Linked by Thom Holwerda on Wed 29th Aug 2012 22:52 UTC
Linux Miguel de Icaza: "To sum up: (a) First dimension: things change too quickly, breaking both open source and proprietary software alike; (b) incompatibility across Linux distributions. This killed the ecosystem for third party developers trying to target Linux on the desktop. You would try once, do your best effort to support the 'top' distro or if you were feeling generous 'the top three' distros. Only to find out that your software no longer worked six months later. Supporting Linux on the desktop became a burden for independent developers." Mac OS X came along to scoop up the Linux defectors.
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What really kills Linux on the desktop
by kwan_e on Thu 30th Aug 2012 01:34 UTC
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1) People don't like the idea of change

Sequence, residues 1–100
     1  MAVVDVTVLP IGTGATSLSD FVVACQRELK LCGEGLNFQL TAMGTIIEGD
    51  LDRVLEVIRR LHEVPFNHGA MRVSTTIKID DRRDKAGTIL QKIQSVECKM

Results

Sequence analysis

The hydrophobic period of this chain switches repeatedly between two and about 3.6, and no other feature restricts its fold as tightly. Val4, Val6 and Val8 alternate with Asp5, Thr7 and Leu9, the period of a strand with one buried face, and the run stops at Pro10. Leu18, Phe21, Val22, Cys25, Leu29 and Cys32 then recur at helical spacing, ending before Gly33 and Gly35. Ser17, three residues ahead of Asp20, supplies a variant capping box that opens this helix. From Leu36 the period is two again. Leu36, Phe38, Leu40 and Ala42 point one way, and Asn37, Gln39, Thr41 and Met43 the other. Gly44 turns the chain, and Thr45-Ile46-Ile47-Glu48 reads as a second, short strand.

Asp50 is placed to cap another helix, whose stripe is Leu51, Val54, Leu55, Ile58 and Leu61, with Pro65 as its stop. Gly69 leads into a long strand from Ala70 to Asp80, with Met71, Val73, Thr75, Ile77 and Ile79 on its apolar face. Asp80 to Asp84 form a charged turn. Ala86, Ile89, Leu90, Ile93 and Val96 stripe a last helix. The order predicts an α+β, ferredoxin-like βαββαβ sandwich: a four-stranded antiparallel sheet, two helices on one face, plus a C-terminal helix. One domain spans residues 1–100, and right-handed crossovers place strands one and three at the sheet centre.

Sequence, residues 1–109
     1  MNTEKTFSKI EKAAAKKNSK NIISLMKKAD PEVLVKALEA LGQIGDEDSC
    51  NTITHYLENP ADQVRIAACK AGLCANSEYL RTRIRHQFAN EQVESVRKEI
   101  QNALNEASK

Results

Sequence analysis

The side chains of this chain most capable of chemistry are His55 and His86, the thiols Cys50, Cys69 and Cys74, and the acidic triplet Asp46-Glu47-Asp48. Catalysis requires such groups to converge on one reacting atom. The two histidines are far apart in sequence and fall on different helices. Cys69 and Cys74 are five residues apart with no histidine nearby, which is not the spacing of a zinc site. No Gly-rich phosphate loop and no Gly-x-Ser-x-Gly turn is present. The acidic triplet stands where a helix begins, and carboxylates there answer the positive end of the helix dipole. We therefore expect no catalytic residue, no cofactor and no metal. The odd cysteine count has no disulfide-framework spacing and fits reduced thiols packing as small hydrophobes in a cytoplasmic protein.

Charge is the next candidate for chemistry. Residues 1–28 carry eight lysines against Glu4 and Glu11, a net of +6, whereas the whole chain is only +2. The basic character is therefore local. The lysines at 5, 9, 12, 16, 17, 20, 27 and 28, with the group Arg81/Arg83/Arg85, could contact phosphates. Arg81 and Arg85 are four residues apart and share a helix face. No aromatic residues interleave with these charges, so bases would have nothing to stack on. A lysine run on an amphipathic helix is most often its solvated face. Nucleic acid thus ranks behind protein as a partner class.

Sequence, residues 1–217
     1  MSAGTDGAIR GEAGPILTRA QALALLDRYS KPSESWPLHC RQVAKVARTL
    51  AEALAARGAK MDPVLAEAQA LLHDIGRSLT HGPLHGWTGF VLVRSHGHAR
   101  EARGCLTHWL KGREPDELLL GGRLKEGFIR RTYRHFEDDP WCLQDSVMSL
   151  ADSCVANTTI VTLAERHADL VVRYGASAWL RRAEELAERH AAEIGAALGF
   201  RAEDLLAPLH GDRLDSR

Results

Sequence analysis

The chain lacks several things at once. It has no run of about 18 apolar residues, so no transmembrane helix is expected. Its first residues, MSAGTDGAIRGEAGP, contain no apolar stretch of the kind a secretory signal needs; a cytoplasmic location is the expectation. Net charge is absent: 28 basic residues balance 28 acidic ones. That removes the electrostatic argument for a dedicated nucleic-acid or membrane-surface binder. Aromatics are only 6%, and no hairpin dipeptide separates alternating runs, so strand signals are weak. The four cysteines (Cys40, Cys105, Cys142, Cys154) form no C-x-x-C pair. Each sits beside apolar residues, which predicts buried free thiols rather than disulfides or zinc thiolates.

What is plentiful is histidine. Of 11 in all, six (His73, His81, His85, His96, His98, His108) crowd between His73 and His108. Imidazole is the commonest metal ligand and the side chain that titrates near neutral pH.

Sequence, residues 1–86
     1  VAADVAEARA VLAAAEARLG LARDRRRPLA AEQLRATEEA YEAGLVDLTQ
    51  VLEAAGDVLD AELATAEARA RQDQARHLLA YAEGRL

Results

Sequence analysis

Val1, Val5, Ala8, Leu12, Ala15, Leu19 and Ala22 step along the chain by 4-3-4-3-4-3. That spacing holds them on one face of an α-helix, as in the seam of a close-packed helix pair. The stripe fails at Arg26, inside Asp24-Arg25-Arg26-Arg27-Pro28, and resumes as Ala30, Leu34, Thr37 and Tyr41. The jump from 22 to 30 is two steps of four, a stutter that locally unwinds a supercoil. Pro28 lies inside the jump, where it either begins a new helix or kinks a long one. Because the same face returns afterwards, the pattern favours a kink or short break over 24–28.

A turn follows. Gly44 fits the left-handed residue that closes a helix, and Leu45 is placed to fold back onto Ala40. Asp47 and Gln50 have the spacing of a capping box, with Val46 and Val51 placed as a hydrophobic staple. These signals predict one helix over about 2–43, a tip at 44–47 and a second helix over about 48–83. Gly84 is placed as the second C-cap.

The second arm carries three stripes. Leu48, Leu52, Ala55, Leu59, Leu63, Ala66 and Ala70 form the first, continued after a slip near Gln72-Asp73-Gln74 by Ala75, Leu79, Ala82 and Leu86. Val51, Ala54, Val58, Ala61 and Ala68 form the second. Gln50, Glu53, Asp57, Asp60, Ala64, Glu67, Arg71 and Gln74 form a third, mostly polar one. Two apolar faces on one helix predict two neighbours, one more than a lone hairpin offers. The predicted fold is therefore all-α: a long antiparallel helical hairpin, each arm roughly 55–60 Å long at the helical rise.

2) People don't like things you can't pay a company for
3) People don't see advertisements for Linux on television
4) People are happy with the state of affairs with Windows or OS X.

Most people are not geeks, therefore whoever says "well I use Linux on the desktop!" are living in a cocoon world.

All these "reasons" about why Linux isn't the runaway success it should be are no more than cargo cult reasoning. "They were the state of affairs at the time of the non-success, therefore they were the cause".

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